Continuing its foray into international education services, Baltimore-based Sylvan Learning Systems Inc. said yesterday that it will pay $65 million for a company that provides English instruction.
ASPECT Inc., based in San Francisco, is a privately held provider of English as a second language programs for college-age students. None of the company's 282 employees will lose their jobs, Sylvan said.
In 1997, ASPECT reported revenue of $52 million.
"For several years now, as Sylvan has become more international, we've found that English language instruction is a consistent need in every country," said Douglas L. Becker, Sylvan's co-chief executive officer. The company has operations in about 100 countries.
ASPECT's president, Tom Ericsson, will remain with the company to manage the business. "We've talked with a lot of potential strategic partners for six months, but we were always most interested in Sylvan," Ericsson said. "Sylvan can give us a competitive advantage, and the company's ambition is very appealing."
Founded in 1982, ASPECT delivers English language programs at 19 schools in five countries -- nine schools are in the United States, six in the United Kingdom, two in Canada and one each in Australia and Ireland. ASPECT students from 90 countries around the world come to the schools for an immersion experience, Ericcson said.
The ASPECT deal is akin to Sylvan's purchase last year of Wall Street Institute, a Spanish company that offers English language instruction in 170 centers in Europe and Latin America. WSI is geared toward professionals who study in their own countries on a part-time basis.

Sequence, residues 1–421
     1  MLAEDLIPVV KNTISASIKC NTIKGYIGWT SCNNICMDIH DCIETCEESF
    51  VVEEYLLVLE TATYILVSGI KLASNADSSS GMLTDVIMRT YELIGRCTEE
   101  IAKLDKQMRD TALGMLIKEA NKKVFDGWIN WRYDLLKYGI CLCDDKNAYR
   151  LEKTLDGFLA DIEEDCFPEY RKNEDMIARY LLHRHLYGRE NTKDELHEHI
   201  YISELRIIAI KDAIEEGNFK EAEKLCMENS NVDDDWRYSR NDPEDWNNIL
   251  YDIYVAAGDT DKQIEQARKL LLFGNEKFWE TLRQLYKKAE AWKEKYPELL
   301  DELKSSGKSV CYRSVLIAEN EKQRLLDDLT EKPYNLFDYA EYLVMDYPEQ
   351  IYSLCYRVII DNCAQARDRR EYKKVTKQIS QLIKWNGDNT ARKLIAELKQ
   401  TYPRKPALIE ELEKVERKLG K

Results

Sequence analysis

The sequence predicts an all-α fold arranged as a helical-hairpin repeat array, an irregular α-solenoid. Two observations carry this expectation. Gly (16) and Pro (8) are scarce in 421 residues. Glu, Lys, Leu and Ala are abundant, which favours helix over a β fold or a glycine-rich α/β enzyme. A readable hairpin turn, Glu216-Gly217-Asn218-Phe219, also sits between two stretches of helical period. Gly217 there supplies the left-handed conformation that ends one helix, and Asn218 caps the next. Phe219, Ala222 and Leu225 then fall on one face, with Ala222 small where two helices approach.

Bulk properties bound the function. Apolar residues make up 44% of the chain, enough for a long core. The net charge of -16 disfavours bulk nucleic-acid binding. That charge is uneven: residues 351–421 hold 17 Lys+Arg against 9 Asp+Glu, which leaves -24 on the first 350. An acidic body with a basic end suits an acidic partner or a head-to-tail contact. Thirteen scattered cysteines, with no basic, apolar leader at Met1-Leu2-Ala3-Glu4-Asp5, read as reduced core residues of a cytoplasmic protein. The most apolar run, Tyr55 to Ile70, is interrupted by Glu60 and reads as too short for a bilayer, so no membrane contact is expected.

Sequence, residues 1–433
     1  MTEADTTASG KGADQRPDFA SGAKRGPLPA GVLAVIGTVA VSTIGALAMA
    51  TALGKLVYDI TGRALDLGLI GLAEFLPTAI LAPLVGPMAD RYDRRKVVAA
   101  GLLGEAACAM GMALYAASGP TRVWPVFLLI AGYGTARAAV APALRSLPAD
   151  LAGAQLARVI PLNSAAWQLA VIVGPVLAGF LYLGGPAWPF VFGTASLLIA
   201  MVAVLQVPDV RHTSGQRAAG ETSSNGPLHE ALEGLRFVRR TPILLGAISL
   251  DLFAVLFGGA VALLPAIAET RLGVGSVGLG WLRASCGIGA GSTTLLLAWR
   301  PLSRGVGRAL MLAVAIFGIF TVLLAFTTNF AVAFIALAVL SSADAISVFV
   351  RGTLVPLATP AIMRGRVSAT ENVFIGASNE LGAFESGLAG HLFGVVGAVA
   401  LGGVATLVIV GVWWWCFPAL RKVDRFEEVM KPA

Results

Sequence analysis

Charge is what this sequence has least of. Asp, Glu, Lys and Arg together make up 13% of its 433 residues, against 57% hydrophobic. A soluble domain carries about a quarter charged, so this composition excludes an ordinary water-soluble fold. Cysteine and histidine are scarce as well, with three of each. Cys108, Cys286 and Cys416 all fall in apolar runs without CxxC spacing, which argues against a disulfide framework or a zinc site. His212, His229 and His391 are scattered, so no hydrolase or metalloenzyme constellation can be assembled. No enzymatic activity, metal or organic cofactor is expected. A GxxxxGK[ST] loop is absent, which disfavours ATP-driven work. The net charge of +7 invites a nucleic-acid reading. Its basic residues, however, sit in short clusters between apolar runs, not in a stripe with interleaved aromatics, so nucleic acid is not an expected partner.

David Nadel, an analyst with Bear, Stearns & Co. in New York, estimates the English as a second language market to be about $1 billion and said it should be a good segment for Sylvan.
"It's an attractive part of the very large education market, but it has a very limited number of quality providers," Nadel said. "ASPECT is one of them."
In the transaction, Sylvan is to issue common stock valued at $65 million. The number of shares issued is to be based on the average trading price of Sylvan stock for the 30 days prior to the closing date, which is expected to occur before May 15.
Sylvan shares dipped 6.25 cents to $48.4375 yesterday.
Sylvan plans to take a charge of about $10 million in its second quarter 1998 earnings to pay for the acquisition.
ASPECT is expected to be neutral to Sylvan's earnings this year and accretive in future years, Sylvan said. That means that the Baltimore company is getting a good price for its acquisition, said Scott L. Soffen, education analyst with Legg Mason Wood Walker Inc. in Baltimore.
"The fact that Sylvan can buy a company and immediately help its earnings suggest it didn't pay too much for ASPECT," he said.
Pub Date: 4/14/98